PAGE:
Do Pinnipeds Have Personality? Coding Harbor Seal (Phoca Vitulina) And California Sea Lion (Zalophus Californianus) Behavior Across Contexts, Amber J. de Vere 2017 University of Southern Mississippi

Do Pinnipeds Have Personality? Coding Harbor Seal (Phoca Vitulina) And California Sea Lion (Zalophus Californianus) Behavior Across Contexts, Amber J. De Vere

Master's Theses

Personality has now been studied in species as diverse as chimpanzees (King & Figueredo, 1997) and cuttlefish (Carere et al., 2015), but marine mammals remain vastly underrepresented in this area. A broad range of traits have been assessed only in the bottlenose dolphin (Highfilll & Kuczaj, 2007), while consistent individual differences in a few specific behaviors have been identified in grey seals (Robinson et al., 2015; Twiss & Franklin, 2010; Twiss, Culloch & Pomeroy, 2011; Twiss, Cairns, Culloch, Richards & Pomeroy, 2012). Furthermore, the context component of definitions of personality is not often assessed, despite evidence that animals may show individual patterns of consistency (Kuczaj, Highfill & Byerly, 2012). The current study therefore aimed to assess underlying personality factors and consistency across contexts in two unstudied marine mammal species, using behavioral coding.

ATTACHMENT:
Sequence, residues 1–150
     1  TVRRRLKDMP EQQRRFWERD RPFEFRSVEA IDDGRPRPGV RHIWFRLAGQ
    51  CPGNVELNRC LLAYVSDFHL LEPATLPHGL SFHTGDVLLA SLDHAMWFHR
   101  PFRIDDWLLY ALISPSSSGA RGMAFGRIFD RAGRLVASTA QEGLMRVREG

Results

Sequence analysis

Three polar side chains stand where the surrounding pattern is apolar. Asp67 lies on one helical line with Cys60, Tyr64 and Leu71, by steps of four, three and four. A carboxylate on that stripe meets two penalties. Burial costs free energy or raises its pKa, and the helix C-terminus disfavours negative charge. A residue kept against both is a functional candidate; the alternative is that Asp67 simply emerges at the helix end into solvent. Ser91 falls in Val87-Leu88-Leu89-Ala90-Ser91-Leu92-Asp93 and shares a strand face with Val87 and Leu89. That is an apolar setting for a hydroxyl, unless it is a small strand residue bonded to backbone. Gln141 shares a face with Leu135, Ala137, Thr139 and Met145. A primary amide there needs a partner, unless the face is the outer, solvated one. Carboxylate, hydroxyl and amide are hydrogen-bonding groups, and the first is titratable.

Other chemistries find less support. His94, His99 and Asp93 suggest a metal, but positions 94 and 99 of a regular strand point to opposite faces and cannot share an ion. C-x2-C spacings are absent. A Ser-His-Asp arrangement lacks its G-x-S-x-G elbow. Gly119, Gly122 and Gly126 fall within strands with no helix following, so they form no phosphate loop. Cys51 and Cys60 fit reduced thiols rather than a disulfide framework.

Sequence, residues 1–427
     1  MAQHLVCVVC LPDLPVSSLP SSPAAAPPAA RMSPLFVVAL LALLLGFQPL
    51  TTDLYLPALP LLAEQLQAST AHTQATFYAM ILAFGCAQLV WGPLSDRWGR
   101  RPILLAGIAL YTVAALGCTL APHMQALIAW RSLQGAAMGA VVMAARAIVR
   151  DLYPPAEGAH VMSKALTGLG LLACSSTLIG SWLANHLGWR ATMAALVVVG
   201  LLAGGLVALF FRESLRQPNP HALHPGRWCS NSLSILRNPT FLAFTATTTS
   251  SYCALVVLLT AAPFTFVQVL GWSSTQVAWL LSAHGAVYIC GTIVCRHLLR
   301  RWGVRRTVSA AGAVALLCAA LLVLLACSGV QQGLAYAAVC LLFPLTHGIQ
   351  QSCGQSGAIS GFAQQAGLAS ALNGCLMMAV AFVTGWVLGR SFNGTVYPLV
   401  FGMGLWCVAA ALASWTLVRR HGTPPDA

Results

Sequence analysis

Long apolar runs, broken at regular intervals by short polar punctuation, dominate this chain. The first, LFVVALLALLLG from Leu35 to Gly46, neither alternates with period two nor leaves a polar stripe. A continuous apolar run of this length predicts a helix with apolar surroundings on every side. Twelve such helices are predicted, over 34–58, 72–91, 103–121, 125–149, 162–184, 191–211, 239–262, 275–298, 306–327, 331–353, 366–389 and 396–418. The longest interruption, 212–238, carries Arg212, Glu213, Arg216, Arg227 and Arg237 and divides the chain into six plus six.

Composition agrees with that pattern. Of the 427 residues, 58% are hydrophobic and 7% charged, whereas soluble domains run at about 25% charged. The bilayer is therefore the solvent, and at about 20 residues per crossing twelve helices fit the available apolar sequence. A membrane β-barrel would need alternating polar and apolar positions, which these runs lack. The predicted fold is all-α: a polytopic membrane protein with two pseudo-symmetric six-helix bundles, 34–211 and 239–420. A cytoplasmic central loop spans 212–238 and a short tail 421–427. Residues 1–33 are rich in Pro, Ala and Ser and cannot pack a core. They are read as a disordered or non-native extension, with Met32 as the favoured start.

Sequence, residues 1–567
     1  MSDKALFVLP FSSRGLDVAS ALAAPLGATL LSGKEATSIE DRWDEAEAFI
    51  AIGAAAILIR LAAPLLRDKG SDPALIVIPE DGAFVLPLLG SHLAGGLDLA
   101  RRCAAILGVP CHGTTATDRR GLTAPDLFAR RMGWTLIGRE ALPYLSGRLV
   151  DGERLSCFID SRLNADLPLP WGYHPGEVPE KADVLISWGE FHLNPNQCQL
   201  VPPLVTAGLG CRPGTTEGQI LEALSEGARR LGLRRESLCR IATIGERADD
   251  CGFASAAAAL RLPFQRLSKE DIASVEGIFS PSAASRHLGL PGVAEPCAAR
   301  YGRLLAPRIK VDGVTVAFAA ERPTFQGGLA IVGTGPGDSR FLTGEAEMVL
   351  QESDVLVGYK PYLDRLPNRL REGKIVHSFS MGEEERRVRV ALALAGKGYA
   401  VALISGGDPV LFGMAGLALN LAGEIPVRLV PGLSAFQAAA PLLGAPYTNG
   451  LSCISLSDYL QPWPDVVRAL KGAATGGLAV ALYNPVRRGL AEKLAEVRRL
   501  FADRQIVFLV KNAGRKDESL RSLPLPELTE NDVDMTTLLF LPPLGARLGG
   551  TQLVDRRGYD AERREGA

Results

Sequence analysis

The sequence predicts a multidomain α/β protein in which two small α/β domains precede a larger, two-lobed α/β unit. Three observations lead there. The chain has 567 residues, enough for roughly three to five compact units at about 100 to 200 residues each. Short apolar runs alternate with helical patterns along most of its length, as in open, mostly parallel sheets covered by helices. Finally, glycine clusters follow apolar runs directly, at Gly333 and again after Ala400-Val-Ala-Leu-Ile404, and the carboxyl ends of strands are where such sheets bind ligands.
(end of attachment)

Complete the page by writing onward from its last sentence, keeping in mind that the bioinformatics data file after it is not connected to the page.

Two California sea lion and three harbor seal personality factors were extracted using exploratory factor analysis. Two factors were broadly similar across species; the first, Boldness, resembled human Extraversion, and to some extent Openness. The second factor was labeled Routine Activity, and contained some Conscientiousness-like traits. Excitable-Interest emerged as a third factor in seals, but had low reliability. Species-specific patterns were also identified for interactive behaviors across two contexts. However, there was substantial individual variation in the frequency of these behaviors, as well as some animals who did not conform to species-level trends. This study therefore provides novel evidence for broad personality factors and ...